Temples, On tour
If bands were built on a “hair first, music second” basis, Temples would be a great example to follow; perhaps it was this which endeared them to the likes of Noel Gallagher and Johnny Marr. Their album, Sun Structures, has found its way into the upper reaches of several early Best Of 2014 polls, and they do look and intermittently sound the 60s psychedelic pop part, with James Bagshaw’s fey singing and quasi-classical lyrical themes. Yet, nice as it is in principle, it can end up all feeling a bit Austin Powers.
Ben Howard, On tour
A singer-songwriter from the West Country, Ben Howard has been given the benefit of the critical doubt in the way other writers of enormously successful but ultimately quite boring acoustic music, such as Damien Rice, really haven’t. A husky-voiced singer of melancholic songs, his stuff is undeniably mainstream (material from his debut Every Kingdom quickly established his reputation as television shorthand for “something sad is happening”), but not to the extent of scaring off more traditional music fans. Signing to Island Records was also a smart move: once the home of Nick Drake and John Martyn, it is in their company Howard’s work is now often seen. In truth, that’s a bit of a reach but on this tour, where he’s supported by folk duo Hiss Golden Messenger, he can still be partially known by the company he keeps.
Curtis Harding, On tou
“Slop’n’soul” is how Curtis Harding describes what he does. There’s an element of truth to that but “garage soul” maybe gets you a bit closer to his territory. A drummer and singer since 2011 with Night Sun, in which he plays alongside various members of fellow Atlantans the Black Lips, Harding’s musical biography is otherwise a bit obscure. He mentions singing in church with his mum, but apart from these shadowy recollections the man seems to have emerged pretty much from nowhere into playing spots for hip and high-end brands like Yves Saint Laurent. Really, that’s neither a surprise nor a problem: Harding’s songs and voice are both great, and he looks very cool indeed, all poise and moustache. Rather than straight retro soul, however, it’s the other territories Harding treads that best illustrate his voice and songcraft.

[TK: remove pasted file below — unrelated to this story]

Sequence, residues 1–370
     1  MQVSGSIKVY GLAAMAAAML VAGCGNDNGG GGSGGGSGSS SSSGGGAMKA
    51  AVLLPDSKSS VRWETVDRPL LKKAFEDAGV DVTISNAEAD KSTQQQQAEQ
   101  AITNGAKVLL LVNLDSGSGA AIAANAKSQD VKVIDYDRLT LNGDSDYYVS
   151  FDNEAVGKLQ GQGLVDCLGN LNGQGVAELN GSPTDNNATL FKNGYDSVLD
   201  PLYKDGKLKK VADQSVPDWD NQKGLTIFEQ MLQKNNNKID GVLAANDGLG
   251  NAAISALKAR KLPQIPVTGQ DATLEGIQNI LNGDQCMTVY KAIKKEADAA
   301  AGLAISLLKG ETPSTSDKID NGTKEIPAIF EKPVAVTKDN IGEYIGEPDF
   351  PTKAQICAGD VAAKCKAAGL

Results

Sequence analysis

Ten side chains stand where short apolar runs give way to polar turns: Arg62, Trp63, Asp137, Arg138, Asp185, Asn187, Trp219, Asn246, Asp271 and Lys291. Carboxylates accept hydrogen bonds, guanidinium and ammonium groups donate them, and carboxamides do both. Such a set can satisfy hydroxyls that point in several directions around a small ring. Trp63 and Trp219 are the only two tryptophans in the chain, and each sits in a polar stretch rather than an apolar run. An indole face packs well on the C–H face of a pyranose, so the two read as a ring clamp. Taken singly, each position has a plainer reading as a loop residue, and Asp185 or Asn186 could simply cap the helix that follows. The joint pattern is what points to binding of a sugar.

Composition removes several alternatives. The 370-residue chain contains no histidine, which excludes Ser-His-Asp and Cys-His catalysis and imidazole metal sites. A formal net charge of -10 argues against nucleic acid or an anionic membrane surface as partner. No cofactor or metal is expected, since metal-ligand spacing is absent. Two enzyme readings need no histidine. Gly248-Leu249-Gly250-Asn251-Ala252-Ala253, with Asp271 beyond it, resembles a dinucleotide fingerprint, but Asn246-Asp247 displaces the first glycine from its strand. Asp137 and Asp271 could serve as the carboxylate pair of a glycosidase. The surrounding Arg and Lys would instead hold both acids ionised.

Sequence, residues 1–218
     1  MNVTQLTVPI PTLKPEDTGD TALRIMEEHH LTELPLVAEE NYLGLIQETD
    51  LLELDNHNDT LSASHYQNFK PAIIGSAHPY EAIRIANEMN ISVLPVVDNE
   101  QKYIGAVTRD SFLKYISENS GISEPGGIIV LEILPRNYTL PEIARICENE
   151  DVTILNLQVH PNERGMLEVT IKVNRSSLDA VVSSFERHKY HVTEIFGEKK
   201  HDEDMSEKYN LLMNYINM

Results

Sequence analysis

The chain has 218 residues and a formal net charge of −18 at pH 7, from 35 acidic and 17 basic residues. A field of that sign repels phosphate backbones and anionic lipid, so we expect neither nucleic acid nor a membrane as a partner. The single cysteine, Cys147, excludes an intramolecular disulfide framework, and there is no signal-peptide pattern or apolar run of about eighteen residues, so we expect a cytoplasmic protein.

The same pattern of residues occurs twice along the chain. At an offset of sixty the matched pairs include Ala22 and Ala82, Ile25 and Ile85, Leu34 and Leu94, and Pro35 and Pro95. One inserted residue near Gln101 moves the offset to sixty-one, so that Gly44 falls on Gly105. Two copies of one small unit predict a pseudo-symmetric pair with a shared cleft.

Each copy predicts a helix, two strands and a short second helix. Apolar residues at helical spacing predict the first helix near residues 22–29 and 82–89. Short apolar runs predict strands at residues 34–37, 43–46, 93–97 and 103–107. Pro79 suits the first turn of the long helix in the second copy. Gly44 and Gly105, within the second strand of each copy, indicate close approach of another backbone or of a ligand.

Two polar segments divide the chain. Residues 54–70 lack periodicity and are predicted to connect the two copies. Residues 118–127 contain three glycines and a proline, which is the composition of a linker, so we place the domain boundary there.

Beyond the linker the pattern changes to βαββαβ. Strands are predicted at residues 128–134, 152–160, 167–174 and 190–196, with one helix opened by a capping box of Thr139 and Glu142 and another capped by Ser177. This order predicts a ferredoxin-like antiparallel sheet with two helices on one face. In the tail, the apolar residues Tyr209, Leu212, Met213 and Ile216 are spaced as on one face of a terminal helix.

Drill Festival, Brighton
Influential British post-punk group Wire previously held Drill events in London and Seattle in 2013, but this year’s will be the biggest yet. Running from Thursday and sprawling across 14 venues in Brighton, there’ll be more than 100 events on the bill, and not a corporate sponsor in sight. Potent headline slots come from post-punk four piece Savages and Michael Gira’s Swans, but the crux of the festival is to push new collaborations for Wire, which this year centres on a group jam session for guitarists as the Pink Flag Guitar Orchestra, and a grand finale of Wire and Swans onstage together playing an extended version of Wire’s Drill for a heavy Sunday night blowout.
Various venues, Thu to 7 Dec
Jaga Jazzist, London & Bristol
Cult Norwegian multi-instrumentalists Jaga Jazzist join electronica, drum’n’bass, prog rock, classical music, free jazz, Afrobeat and more with a powerful theatrical sense: shadowy musicians move like wraiths around stages rammed with keyboards, vibes, guitars, saxes, traditional brass and pulsating, orange-lit drums. They like deceptively minimalist drums-and-keys droning, but rip into them with elemental electronic roars cushioned by deep contrapuntal lines from low brass, scalding guitar lines and riffy grooves.
Birtwistle: A Celebration, London
Events marking the 80th birthday of Harrison Birtwistle have been nicely spaced throughout the year, though up until now performances of new pieces have been conspicuous by their absence. But the last of the jamborees, the Southbank Centre’s tribute, includes two premieres in a weekend of concerts that features eight of his works alongside music by Stravinsky, Messiaen and Ligeti. The main works in the programme are his two most recent large-scale pieces for the Sinfonietta, Theseus Game and In Broken Images (Queen Elizabeth Hall, SE1, Fri). But the big novelty of the weekend comes next Saturday night in the London Philharmonic’s concert, when Pierre-Laurent Aimard is the soloist in the UK premiere of Birtwistle’s latest work for piano and orchestra, named, intriguingly, Responses: Sweet Disorder And The Carefully Careless (Royal Festival Hall, SE1, 6 Dec).